Daily Devotional - 20 August 2020
“He was despised and rejected—a man of sorrows, acquainted with deepest grief. We turned our backs on him and looked the other way. He was despised, and we did not care” (Isaiah 53:3).
Many people have great difficulty dealing with rejection. In fact, for many, rejection often creates crisis. Not everyone’s criticism stings equally; a stranger’s harsh words can be most easily disregarded, but those closest to us can wound us deeply. But should this be the case? While we should be open to criticism–we don’t always get things right or best–some negative input should be entirely disregarded. How can we know the difference? How should we respond to rejection. We might find it helpful to contemplate how Jesus dealt with rejection. There may have been crowds that followed Him relentlessly–wanting to hear His teaching, to witness His miracles or even partake in a miraculous meal–but many in the crowd were also quick to misunderstand, criticize and condemn.
Jesus faced rejection and being misunderstood, not only by strangers, but by those closest to Him. His family rejected His behaviour and were convinced that He was suffering some kind of mental breakdown. Which is why they attempted to “take charge of him, for they said, ‘He is out of his mind’” (Mark 3:21). In response, He chose to identify those who did the work of His Father as His brothers, sisters and mother.
After speaking in His hometown synagogue, those whom He had grown up around rejected His claim to be the Messiah. “They scoffed, ‘He’s just a carpenter, the son of Mary and the brother of James, Joseph, Judas, and Simon. And his sisters live right here among us.’ They were deeply offended and refused to believe in him” (Mark 6:3). They even tried to toss Him off the escarpment the town was built on. He simply left and traveled to other towns that were more receptive to His teaching.
Every where He went doing good, He aroused the ire of those who opposed Him and His teaching. Luke tells the story of Jesus’ redemption of Zacchaeus (Luke 19). He’s a short man who is attempting to catch a glimpse of Jesus. But the crowd is in no mood to make room for this cheat, this pawn of Rome, this tax collector. So he climbs a tree–a full grown man on a desperate mission. Jesus stops below the tree and invites Zacchaeus to come down and then invites Himself and His disciples to Zacchaeus’ home for dinner. You might expect some resistance from Zacchaeus–imagine the nerve? Being informed you are going to host an unexpected dinner for a bunch of strangers. But the rejection Jesus faced in this interaction was not from Zacchaeus, who was entirely overjoyed by the prospect. This tax collector who had received such rejection and scorn from others, that had forced him into a tree, is magnanimous in his next decision, “Zacchaeus stood up and said to the Lord, ‘Look, Lord! Here and now I give half of my possessions to the poor, and if I have cheated anybody out of anything, I will pay back four times the amount’” (Luke 19:8).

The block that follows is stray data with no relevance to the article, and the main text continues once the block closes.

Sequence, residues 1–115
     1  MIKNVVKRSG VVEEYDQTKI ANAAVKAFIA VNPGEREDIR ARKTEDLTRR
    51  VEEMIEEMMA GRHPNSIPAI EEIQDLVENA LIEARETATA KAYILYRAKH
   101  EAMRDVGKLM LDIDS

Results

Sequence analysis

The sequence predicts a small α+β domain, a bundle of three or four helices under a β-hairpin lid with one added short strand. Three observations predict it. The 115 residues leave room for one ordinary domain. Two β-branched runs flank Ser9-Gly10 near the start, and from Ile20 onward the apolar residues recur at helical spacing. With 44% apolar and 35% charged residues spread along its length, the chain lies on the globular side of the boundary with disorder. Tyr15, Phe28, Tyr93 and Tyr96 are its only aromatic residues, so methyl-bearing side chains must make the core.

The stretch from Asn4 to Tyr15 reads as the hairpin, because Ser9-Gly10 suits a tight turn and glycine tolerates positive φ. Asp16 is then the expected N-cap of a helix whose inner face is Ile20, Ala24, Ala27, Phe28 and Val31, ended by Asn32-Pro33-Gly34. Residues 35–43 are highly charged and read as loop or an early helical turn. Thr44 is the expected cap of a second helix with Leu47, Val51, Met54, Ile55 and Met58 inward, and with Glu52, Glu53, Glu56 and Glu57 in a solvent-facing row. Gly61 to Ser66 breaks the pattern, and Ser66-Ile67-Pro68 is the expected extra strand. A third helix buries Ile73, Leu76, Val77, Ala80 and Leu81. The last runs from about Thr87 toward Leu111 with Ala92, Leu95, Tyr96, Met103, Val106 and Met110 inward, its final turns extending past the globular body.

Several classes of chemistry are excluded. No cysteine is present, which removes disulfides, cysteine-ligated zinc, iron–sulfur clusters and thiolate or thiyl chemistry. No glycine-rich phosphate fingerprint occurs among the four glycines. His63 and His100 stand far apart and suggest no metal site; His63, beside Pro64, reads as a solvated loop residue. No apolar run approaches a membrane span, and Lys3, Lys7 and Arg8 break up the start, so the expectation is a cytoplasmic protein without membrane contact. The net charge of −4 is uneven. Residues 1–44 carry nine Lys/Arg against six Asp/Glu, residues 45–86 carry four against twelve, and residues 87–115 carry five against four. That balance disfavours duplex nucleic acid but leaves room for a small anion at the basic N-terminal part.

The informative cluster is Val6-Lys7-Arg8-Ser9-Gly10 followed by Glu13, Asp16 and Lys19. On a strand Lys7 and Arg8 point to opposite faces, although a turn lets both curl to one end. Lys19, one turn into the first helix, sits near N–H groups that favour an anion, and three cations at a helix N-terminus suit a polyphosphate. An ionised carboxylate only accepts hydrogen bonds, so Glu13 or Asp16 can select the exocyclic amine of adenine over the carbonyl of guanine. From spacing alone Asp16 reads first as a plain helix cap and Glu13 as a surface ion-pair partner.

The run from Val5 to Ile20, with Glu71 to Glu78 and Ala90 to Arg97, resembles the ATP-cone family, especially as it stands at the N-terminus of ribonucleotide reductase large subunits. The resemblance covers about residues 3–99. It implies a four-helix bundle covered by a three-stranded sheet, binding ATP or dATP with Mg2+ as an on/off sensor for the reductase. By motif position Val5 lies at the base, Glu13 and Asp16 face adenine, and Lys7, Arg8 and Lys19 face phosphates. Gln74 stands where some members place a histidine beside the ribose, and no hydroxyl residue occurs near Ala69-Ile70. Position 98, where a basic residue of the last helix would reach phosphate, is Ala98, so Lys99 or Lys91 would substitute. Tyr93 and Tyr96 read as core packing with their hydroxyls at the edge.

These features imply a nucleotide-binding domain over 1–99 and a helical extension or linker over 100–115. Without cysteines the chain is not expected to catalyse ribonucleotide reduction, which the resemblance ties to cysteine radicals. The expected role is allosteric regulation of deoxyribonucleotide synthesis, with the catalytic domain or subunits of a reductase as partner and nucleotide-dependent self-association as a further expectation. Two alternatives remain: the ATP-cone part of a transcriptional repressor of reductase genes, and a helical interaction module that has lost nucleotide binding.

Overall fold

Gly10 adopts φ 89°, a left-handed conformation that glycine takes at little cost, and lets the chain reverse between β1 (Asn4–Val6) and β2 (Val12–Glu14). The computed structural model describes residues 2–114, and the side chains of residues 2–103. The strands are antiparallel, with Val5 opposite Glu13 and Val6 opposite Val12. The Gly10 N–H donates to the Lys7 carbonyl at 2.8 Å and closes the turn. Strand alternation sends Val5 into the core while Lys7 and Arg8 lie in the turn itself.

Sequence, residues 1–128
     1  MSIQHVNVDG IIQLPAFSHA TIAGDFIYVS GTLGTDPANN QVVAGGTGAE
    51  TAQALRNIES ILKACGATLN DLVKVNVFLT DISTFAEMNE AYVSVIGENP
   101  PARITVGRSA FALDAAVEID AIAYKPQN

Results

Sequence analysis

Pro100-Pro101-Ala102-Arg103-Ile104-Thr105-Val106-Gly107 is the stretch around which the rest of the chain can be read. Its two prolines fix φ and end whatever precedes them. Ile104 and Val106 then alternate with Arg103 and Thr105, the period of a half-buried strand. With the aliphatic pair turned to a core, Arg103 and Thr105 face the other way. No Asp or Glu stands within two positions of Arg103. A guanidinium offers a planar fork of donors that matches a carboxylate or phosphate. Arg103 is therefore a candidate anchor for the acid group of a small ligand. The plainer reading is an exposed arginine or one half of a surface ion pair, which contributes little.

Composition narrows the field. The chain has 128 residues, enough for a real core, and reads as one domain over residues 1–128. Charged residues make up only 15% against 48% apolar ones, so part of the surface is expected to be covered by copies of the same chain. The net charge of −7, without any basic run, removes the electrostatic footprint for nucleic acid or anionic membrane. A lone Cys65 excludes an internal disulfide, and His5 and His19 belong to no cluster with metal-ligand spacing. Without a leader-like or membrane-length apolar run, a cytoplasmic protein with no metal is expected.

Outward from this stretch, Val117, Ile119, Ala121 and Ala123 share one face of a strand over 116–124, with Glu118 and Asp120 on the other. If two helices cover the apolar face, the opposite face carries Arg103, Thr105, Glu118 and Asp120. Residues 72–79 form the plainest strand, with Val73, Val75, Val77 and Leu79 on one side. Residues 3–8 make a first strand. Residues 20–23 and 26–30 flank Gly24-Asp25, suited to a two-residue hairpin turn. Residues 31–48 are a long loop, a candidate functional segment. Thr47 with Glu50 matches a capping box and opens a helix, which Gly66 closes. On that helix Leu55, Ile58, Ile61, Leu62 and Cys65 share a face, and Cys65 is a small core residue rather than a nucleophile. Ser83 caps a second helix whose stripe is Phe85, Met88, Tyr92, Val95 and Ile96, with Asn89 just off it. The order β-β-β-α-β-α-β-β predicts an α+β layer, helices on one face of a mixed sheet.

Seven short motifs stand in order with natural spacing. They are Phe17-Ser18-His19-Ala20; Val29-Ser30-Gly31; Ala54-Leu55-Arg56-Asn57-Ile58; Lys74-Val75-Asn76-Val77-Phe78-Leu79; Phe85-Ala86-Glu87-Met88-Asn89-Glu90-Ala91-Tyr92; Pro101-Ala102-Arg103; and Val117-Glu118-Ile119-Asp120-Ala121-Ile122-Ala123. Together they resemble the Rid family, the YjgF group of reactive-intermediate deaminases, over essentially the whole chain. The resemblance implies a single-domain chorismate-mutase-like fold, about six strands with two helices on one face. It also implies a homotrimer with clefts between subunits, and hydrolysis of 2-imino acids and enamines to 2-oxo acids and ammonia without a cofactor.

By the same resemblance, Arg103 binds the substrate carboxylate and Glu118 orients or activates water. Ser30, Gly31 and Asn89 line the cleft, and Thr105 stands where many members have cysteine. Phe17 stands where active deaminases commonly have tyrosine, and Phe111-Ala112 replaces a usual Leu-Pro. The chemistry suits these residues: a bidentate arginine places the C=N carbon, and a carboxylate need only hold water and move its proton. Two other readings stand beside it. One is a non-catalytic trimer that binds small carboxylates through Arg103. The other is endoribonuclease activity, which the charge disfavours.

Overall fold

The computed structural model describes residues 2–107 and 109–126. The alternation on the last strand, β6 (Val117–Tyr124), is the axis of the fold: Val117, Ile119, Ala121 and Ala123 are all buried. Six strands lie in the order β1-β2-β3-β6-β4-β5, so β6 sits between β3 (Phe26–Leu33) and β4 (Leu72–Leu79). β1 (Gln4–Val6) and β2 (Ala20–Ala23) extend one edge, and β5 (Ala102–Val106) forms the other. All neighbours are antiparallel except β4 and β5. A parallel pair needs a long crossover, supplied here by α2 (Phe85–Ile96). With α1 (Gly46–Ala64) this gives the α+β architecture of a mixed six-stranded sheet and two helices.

Jesus absolutely knew that this was Zacchaeus’ moment to make a change and encouraged him to do so. Because of Jesus’ centering out Zacchaeus for this honour, and his heartfelt response, Jesus announces, “Today salvation has come to this house, because this man, too, is a son of Abraham. For the Son of Man came to seek and to save the lost” (Luke 19:9). But the crowd could have cared less. Rather than recognizing the spiritual renewal and rebirth happening right before their very eyes, they quickly condemned Jesus–“He’s gone to go eat with a sinner” (19:7).
Jesus knew what people were thinking whether He heard their muttering or not, but it didn’t deter Him in the least. He was steadfast in His purpose, unapologetic, courageously fulfilling His mission to ‘seek and save the lost.”
The rejection of others could not dissuade Jesus from living out the Will of God. He was single-minded in His purpose to fulfill God’s plans through His life and to bring His Father glory. He never forgot what He was to be doing and why. Maybe if we could begin living with that level of intentionality–to serve God wholly and to love Him with all of our heart, soul, mind and strength, as well as loving others as ourselves–the rejection of people would find no mark in our hearts because we are fully sold out for God and our hearts now beat for Him alone!
~ Pastor Jane
First licensed for pastoral ministry in 1994, Pastor Jane Peck has served in camp and church ministries in three denominations, five provinces and in a variety of roles. Her most recent position is that of Pastor at Hope Chapel which she began in 2020. She is excited to see what God can and will do in the days to come!